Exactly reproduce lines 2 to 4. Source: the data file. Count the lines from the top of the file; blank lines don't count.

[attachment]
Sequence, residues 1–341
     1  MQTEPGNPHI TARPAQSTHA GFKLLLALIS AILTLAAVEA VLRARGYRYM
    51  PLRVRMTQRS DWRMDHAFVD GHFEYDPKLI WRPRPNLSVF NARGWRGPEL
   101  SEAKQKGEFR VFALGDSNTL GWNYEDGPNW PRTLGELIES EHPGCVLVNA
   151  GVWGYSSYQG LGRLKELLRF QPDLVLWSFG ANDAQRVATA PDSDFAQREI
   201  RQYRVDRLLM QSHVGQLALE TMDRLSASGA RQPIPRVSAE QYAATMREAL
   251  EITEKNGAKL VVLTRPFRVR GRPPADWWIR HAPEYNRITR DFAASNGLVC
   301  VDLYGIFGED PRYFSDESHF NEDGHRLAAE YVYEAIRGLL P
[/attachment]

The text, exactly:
     1  MQTEPGNPHI TARPAQSTHA GFKLLLALIS AILTLAAVEA VLRARGYRYM
    51  PLRVRMTQRS DWRMDHAFVD GHFEYDPKLI WRPRPNLSVF NARGWRGPEL
   101  SEAKQKGEFR VFALGDSNTL GWNYEDGPNW PRTLGELIES EHPGCVLVNA